What has been missing, or discounted, is the “softer-science” business perspective that understands that outcomes are never merely binary and that variables can never be perfectly defined. This should be the perspective of not only the marketer, but, more importantly, the truest experts on the nature of your client’s business—your client and their staff.

Bubblegum Marketing

There is an increasing awareness of the necessity of incorporating business models and strategies into websites. Unfortunately mechanical and technical expertise still control the content, the creative presentation, and the persuasive marketing issues that have nothing to do with technical specialization. The challenge is to internalize the messages that other businesses have learned. Marketers and clients should acknowledge the inherent validity of their accrued data and then move beyond their former practices of design and development.

I recently met with a technology company, which has tens of thousands of employees and tens of billions in sales. I assumed a company that large would have sophisticated marketing, management, and data analysis capabilities. I never imagined a company that large would lack the most rudimentary understanding of marketing systems, ROI tracking, or defining business objectives in a measurable way. But that was exactly the case.

I consulted with another company that has $1 billion in sales and several divisions. I pointed out that I was unable to discuss the ROI of its website because the company hadn’t defined clear business objectives. My clients were surprised (and maybe a bit insulted), but eventually they agreed. It was easy to explain the “I,” the challenge was in defining the “R.”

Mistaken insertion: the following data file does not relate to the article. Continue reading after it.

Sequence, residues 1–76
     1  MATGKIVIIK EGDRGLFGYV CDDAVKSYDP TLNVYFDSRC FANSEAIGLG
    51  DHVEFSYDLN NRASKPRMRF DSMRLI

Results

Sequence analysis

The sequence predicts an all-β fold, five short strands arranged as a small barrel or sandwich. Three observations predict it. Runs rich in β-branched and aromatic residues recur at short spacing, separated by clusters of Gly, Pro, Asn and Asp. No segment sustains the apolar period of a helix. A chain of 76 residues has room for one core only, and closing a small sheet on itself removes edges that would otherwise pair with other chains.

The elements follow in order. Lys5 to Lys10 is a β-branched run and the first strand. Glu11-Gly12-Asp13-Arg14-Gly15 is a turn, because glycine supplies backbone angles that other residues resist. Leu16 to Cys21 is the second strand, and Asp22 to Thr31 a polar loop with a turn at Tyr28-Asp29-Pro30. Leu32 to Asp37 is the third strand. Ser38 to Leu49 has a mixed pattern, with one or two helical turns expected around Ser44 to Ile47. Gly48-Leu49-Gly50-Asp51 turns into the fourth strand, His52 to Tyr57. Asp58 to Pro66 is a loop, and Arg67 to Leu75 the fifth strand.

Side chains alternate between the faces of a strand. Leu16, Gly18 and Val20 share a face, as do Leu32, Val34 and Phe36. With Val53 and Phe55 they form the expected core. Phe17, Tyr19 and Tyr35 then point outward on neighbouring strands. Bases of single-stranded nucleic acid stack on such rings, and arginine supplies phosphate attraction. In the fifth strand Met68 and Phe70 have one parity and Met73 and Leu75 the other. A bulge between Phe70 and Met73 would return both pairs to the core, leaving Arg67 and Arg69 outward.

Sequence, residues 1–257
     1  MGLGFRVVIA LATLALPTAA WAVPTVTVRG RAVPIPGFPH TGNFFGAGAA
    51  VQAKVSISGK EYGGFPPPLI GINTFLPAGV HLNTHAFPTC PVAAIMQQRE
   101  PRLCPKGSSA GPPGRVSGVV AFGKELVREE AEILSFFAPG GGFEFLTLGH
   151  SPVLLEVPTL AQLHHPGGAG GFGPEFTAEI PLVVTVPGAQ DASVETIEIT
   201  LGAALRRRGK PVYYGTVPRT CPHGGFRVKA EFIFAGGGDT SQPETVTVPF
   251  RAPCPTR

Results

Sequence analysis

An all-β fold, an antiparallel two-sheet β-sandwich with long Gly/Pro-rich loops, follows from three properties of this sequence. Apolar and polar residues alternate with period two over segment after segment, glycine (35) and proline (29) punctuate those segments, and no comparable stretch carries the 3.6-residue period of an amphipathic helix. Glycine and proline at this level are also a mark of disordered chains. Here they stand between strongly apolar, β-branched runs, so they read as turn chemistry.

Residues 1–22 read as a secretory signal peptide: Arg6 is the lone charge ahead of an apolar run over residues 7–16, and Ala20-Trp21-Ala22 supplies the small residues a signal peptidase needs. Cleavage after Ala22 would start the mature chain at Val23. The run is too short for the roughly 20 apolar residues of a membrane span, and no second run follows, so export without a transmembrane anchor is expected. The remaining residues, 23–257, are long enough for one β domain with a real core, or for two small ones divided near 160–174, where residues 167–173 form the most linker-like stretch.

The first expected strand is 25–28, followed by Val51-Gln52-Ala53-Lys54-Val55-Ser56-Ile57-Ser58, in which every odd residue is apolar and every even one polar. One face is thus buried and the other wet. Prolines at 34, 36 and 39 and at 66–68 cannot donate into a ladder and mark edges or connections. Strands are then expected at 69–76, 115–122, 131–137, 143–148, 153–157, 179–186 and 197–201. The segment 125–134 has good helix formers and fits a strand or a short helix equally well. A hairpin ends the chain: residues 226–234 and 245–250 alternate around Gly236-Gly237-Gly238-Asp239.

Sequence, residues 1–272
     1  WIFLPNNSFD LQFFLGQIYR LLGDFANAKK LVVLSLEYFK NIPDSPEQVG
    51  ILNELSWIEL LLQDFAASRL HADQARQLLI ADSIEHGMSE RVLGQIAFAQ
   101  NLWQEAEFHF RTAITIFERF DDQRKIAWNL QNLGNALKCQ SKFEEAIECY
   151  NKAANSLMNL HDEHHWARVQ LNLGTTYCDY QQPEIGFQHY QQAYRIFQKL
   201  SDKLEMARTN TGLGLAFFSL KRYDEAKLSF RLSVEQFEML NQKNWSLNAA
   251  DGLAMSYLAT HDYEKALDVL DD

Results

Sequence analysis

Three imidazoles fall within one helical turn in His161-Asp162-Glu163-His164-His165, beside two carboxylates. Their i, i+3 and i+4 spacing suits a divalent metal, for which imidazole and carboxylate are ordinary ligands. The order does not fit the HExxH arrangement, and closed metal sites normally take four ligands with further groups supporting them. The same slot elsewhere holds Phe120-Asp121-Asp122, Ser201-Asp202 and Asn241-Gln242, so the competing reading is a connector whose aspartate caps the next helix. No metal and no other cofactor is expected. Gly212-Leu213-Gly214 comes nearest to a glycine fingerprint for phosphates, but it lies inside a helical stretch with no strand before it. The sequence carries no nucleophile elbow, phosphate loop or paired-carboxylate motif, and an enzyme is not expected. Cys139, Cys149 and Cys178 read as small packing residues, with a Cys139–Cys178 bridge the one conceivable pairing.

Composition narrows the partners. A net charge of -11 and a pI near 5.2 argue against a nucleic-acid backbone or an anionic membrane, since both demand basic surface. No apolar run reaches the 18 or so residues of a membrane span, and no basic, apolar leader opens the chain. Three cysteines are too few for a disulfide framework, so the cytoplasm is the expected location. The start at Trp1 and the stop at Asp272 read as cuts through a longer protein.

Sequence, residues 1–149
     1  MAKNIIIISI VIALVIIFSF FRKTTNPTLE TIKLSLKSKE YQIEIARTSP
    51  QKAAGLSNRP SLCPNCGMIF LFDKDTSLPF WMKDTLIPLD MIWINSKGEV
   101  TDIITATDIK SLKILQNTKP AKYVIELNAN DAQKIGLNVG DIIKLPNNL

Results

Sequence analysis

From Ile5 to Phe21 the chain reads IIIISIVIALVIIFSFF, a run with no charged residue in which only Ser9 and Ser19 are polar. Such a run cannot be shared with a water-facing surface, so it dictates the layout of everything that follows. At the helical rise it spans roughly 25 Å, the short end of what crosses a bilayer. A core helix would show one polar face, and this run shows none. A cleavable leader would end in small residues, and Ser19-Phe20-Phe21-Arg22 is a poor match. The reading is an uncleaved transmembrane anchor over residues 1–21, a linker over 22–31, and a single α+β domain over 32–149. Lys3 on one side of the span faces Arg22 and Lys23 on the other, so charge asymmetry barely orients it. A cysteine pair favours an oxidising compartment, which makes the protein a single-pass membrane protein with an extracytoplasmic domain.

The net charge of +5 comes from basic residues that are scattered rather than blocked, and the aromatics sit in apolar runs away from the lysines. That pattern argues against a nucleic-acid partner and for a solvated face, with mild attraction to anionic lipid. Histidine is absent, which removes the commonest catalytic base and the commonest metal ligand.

One of the world’s largest office supply companies launched its e-commerce site with the clear goal to “make money,” and that it did. The senior vice president in charge of the effort boasted of making $100M last year on the web. While it sounded impressive, he didn’t know that industry statistics showed that only 25% of web visitors ever complete a transaction, leaving a potential $300M of revenue on the table. During this time, the company did not use any web analytics tools to measure the effectiveness of their “make money on the web” business objective. Within six months of the senior vice president’s announcement, the company declared bankruptcy, and he was fired. The company had no measurable business objective or measurement tool to provide valid feedback.

These cases illustrate “Bubblegum Marketing.” Bubblegum is sweet and juicy until the taste runs out, and it has little, if any, nutritional value. But you go for the next piece anyway. A recent eMarketer report stated the following:

“23% of marketers responded that they don’t know what their company’s primary interactive marketing business objective is. And 56% of marketers did not have tools in place to measure their marketing performance.”

As Jeff Lash stated beautifully, “it is really easy to meet your objectives if you don’t really have any!”

Beyond Bubblegum